Can Any One Player Really Save the Kansas City Chiefs?

Jeremy Sickel@ IIIFebruary 13, 2013

KANSAS CITY, MO - JANUARY 07:  Andy Reid sits with Kansas City Chiefs owner Clark Hunt during a press conference introducing Reid as the Kansas City Chiefs new head coach on January 7, 2013 in Kansas City, Missouri.  (Photo by Jamie Squire/Getty Images)
Jamie Squire/Getty Images

We hear all the time about how certain teams in professional sports are just one player away from getting over the hump. Whether it is a big bat in the middle of the lineup in baseball or a three-point specialist on the hardwood, organizations—oftentimes to a fault—scramble to find that missing link.

In football, the quarterback is the focal point of the team—even more so in the NFL, as, to a certain extent, he actually represents the entire face of the franchise.

Finding the franchise quarterback, however, is an inexact science. Teams expend countless resources—via the draft or in free agency—and still end up getting it wrong a lot of the time. 

In the case of the Kansas City Chiefs, neither method has paid off, as they have not won a postseason game since the 1993 AFC divisional round—the third such longest streak in the NFL.

The Chiefs swung and missed in 1983 when they selected Todd Blackledge out of Penn State. That same year also saw quarterbacks John Elway, Jim Kelly and Dan Marino drafted—all of which went on to become Hall of Famers.

Since then, the Chiefs have virtually neglected the position during the draft—taking only three quarterbacks inside the top three rounds: Mike Elkins, second round 1989; Matt Blundin, second round 1992; Brodie Croyle, third round 2006.

In fact, the Chiefs and New Orleans Saints are the only two NFL franchises to not use a first-round draft pick on a quarterback since 1984.

The only difference is that the Saints actually got it right when they signed Drew Brees to a free-agent contract prior to the 2006 campaign. New Orleans eventually went on to beat the Indianapolis Colts in Super XLIV after the 2009 season.

Of the 63 quarterbacks taken in the first round in this span, 12 have appeared in Super Bowls (Troy Aikman, Drew Bledsoe, Steve McNair, Trent Dilfer, Kerry Collins, Donovan McNabb, Ben Roethlisberger, Peyton Manning, Rex Grossman, Eli Manning, Aaron Rodgers and Joe Flacco).

There have been 29 Super Bowls played since the 1984 draft. This group has 18 total appearances and 11 titles among them.

The 1984 draft was chosen here due to the Chiefs having begun their stretch of steering clear of the quarterback position. When including the 1983 crop, however, the numbers become even more skewed.

There are also plenty of examples of quarterbacks not taken in the first round since 1984 to lead their teams to huge success. Brett Favre, Kurt Warner and Tom Brady have appeared in a total of 10 Super Bowls, walking away with five rings.

However, the teams that these three were drafted by, or played for at the time of their Super Bowl appearances, have expended a total of eight first-round draft picks on quarterbacks during that time.

The Chiefs will enter this year's draft with the No. 1 overall pick. But with no big names to headline the options at quarterback, Kansas City will be stuck with a difficult decision—though the numbers indicate this team must begin using its top pick on the position.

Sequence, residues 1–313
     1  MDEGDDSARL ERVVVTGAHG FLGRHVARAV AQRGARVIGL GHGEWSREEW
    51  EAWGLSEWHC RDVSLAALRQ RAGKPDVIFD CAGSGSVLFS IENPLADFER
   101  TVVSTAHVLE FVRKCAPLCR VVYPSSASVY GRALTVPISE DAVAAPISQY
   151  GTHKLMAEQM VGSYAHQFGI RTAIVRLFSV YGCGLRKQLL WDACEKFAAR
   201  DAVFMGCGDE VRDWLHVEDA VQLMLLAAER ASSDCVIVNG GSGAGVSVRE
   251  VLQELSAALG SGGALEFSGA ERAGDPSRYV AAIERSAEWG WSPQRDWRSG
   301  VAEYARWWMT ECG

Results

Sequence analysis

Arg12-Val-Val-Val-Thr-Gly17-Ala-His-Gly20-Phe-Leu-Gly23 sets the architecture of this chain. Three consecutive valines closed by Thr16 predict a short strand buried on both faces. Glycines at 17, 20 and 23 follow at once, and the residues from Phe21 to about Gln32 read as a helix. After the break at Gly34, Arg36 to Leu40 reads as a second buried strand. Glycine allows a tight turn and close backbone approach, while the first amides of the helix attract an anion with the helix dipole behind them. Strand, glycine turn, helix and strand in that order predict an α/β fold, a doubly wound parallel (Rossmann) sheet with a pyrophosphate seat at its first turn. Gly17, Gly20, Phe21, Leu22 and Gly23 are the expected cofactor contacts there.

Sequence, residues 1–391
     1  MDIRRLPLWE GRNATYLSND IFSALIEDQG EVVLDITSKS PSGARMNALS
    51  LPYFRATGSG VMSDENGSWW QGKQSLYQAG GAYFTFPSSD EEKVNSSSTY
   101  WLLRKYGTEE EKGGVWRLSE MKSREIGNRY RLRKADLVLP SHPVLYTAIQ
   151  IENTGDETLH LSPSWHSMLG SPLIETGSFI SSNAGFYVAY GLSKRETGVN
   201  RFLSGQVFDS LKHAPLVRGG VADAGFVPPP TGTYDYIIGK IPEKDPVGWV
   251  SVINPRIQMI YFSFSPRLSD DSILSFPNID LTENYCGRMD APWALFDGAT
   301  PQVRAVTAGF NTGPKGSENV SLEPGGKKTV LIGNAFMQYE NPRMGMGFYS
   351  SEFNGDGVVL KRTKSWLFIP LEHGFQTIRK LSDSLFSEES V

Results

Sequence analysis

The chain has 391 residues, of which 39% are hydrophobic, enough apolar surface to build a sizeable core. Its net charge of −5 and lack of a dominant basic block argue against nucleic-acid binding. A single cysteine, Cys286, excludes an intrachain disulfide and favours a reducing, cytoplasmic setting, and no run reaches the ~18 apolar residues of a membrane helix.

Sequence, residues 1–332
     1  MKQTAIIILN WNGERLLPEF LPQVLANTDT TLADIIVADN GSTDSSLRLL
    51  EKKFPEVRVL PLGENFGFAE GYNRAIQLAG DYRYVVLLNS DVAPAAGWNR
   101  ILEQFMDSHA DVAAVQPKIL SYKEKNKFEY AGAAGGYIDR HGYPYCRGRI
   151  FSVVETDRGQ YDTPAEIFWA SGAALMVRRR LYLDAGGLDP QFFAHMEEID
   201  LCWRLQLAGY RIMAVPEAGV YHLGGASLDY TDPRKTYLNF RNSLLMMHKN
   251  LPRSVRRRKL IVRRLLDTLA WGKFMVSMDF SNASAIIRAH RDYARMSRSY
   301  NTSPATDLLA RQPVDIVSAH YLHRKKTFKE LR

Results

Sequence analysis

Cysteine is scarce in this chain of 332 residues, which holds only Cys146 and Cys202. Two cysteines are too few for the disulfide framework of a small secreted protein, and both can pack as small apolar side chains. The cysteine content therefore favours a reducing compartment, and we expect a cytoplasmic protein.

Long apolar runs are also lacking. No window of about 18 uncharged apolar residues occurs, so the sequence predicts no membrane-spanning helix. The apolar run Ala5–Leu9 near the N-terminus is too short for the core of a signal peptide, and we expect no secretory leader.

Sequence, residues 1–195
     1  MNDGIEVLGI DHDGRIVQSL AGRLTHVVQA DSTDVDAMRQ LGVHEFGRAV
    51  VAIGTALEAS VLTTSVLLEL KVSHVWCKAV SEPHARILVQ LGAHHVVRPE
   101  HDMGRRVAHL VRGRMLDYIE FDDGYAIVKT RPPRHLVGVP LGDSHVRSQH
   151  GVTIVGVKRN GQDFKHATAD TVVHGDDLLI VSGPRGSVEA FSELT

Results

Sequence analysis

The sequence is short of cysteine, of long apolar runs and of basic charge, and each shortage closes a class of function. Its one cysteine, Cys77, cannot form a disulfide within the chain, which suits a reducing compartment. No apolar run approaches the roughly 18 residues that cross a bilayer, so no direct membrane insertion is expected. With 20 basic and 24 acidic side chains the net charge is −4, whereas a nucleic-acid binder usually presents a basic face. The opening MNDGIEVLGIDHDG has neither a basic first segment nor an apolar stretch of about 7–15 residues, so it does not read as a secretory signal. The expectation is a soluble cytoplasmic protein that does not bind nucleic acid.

While also bringing in a veteran could help bridge the gap—something this franchise has done in the past with Joe Montana, Trent Green and Matt Cassel—finding a franchise quarterback on their own is the one objective the Chiefs have been unable to fulfill.

The question then becomes: Is this future franchise quarterback—whoever he is—the one player who can truly save this organization?

Though the quarterback is the most important position in sports, football is the one game that actually lends itself to relying on your teammates the most—making it unrealistic to isolate one team's success on a single player's efforts.

That does not take away from the importance of the position, however. As indicated above, the quarterback is where it all starts; but the key is properly filling in the rest of the roster around him.

The Indianapolis Colts are the best example refuting this argument.

With Peyton Manning at quarterback between 1998-2010, the Colts had a record of 141-67 and appeared in two Super Bowls, winning Super Bowl XLI against the Chicago Bears.

Manning missed the entire 2011 season with a neck injury, and the Colts won just two games as a result—affording them the rights to draft Andrew Luck with the top pick in this past year's draft. And with Luck under center in 2012, Indianapolis notched 11 victories and made a return trip to the playoffs.

While it may appear that Manning and Luck are solely responsible for the Colts' good fortunes, the fact is that they—as any NFL quarterback, no matter their accomplishments—depend on a solid supporting cast to be successful.

Should the Chiefs do a complete 180 with their philosophy towards the quarterback position during the draft? Yes. Will that quarterback be this team's sole savior? No. Kansas City has plenty of talent to usher in a new signal-caller.

That doesn't mean that whoever that player is won't be the face of the franchise moving forward.

It isn't a coincidence that the Chiefs are the only team to flub the quarterback position for this long. But to correct the situation, they first must come to grips with their biggest mistake: not putting forth nearly enough effort in addressing such an obvious need.

It is time for Kansas City to at least get the process started.


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